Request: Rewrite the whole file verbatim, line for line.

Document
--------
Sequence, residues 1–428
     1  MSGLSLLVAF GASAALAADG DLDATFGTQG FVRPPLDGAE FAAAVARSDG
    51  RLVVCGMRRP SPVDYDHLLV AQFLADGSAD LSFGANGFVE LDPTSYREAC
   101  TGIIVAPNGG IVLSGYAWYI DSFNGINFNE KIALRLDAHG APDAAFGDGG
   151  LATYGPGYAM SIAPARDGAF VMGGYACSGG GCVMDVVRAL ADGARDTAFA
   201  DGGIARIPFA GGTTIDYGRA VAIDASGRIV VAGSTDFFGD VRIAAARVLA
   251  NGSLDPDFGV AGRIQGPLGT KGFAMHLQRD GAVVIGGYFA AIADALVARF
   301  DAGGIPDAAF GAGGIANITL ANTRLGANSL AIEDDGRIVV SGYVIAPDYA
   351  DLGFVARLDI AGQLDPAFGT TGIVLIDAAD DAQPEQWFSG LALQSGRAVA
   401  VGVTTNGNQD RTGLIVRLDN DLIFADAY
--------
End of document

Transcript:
Sequence, residues 1–428
     1  MSGLSLLVAF GASAALAADG DLDATFGTQG FVRPPLDGAE FAAAVARSDG
    51  RLVVCGMRRP SPVDYDHLLV AQFLADGSAD LSFGANGFVE LDPTSYREAC
   101  TGIIVAPNGG IVLSGYAWYI DSFNGINFNE KIALRLDAHG APDAAFGDGG
   151  LATYGPGYAM SIAPARDGAF VMGGYACSGG GCVMDVVRAL ADGARDTAFA
   201  DGGIARIPFA GGTTIDYGRA VAIDASGRIV VAGSTDFFGD VRIAAARVLA
   251  NGSLDPDFGV AGRIQGPLGT KGFAMHLQRD GAVVIGGYFA AIADALVARF
   301  DAGGIPDAAF GAGGIANITL ANTRLGANSL AIEDDGRIVV SGYVIAPDYA
   351  DLGFVARLDI AGQLDPAFGT TGIVLIDAAD DAQPEQWFSG LALQSGRAVA
   401  VGVTTNGNQD RTGLIVRLDN DLIFADAY